I enjoyed the uplifting qualities of this book too. Though the characters had suffered greatly and their lives were in a mess, they could find the good in the day and give praise where it was due. It made me see that we can always find something positive in our lives and underlined the need of daily thanking God for the seasons in our lives.




Kniting Heaven and Earth - a book review

This morning I'm over at Little Monkey's Shop with a book review of Knitting Heaven and Earth and a giveaway. Even if you don't knit - I don't knit - you might be interested in reading how this author uses her knitting to help her navigate through life experiences.
At the end of the post, I tell you how to enter the book giveaway.

My new Essential Oils Bag


Over the past few years our family has started using Young Living Essential Oils to better our lives on a daily basis. As I have learned more and more about natural healing, I've collected quite a few different essential oils. What to do with them all?

My friend Dori over at The Red Feedsack makes the most beautiful bags for carrying your essential oils in when you travel - or for just storing them. She gifted me one recently (because that's what friends do!) and I'm in LOVE with it! She even included a great gift tag.

 The essential oil bag is made out of high quality fabric, so it will wash well and look new for a long time.  She has lots of fabric colors and styles from which to choose. The outside has a zipper opening on top with a colorful ribbon to add some cuteness.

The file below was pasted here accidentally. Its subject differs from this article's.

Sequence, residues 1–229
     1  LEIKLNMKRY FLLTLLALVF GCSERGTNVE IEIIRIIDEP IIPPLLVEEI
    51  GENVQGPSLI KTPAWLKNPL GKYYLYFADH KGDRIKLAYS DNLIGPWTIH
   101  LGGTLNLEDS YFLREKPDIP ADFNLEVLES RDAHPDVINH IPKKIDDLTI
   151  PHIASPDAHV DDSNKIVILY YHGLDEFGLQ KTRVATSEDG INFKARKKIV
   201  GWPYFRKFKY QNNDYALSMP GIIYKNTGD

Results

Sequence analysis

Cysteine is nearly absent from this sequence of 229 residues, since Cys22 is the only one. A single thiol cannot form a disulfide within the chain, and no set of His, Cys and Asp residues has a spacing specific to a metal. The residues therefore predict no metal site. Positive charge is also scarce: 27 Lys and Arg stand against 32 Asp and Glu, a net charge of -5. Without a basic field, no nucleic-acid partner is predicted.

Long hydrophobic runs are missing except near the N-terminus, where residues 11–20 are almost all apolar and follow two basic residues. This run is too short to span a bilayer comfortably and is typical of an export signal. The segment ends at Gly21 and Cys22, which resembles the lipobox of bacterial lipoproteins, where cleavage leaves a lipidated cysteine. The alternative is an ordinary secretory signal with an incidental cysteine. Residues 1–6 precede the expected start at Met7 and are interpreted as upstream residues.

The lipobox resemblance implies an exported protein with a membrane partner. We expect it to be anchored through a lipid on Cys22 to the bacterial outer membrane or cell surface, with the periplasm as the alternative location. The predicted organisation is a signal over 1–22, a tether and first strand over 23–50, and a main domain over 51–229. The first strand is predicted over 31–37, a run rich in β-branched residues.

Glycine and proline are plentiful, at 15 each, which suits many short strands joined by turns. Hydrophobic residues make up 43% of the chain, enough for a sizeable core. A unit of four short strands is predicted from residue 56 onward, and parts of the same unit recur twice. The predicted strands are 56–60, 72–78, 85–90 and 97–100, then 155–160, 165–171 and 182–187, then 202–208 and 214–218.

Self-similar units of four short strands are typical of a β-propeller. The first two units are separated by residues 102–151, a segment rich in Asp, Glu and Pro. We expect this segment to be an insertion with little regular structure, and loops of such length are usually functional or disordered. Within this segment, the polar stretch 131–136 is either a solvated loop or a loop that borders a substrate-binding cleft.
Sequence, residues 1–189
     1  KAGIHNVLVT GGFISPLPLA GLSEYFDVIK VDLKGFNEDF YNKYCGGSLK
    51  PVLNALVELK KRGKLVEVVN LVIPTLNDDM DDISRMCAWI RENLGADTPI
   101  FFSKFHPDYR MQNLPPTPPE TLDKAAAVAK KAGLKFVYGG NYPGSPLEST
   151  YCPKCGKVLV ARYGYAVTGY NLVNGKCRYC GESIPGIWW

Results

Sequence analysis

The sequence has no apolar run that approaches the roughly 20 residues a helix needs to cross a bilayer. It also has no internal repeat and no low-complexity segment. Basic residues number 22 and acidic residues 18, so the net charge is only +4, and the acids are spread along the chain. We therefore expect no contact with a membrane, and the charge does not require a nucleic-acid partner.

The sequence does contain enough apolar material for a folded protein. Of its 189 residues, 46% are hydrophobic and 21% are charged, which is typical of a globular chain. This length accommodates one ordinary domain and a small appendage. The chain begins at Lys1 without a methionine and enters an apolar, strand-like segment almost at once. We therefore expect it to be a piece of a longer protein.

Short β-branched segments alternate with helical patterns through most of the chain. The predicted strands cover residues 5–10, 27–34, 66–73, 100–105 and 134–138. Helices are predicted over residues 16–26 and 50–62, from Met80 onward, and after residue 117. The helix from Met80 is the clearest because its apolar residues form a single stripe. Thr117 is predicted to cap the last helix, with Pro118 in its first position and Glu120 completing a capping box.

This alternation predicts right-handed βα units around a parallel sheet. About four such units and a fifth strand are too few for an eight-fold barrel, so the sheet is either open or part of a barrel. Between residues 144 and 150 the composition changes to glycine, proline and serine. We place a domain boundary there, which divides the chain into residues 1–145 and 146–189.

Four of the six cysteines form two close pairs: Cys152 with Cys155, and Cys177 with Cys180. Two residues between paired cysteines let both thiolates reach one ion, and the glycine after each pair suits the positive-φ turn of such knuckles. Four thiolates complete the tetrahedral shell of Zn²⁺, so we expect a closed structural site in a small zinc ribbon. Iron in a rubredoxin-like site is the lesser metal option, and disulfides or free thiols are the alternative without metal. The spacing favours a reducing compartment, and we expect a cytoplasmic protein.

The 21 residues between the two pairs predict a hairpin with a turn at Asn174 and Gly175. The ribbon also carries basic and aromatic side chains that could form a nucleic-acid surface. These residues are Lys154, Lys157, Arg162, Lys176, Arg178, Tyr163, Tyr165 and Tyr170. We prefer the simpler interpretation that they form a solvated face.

Inside, the bag is padded and lined. There are 10 little pockets for the oil bottles along the sides of the bag and four removable inserts with 3 pockets each.  This gives you space for 22 bottles of oil in the bag! Each bottle of oil is snug in its own space and isn't going anywhere or breaking!


As a seamstress myself, I can say Dori has done a fantastic job in sewing these essential oil bags. I use mine to hold my everyday oils and then add a few extras when we travel. It also looks great sitting on the corner of our bathroom counter.

If you are interested in getting an essential oil bag for yourself or a friend, Dori can be found on her blog at The Red Feedsack.  

Tell her Angela said, "Hello!"


Loop Scarf in time for Valentine's Day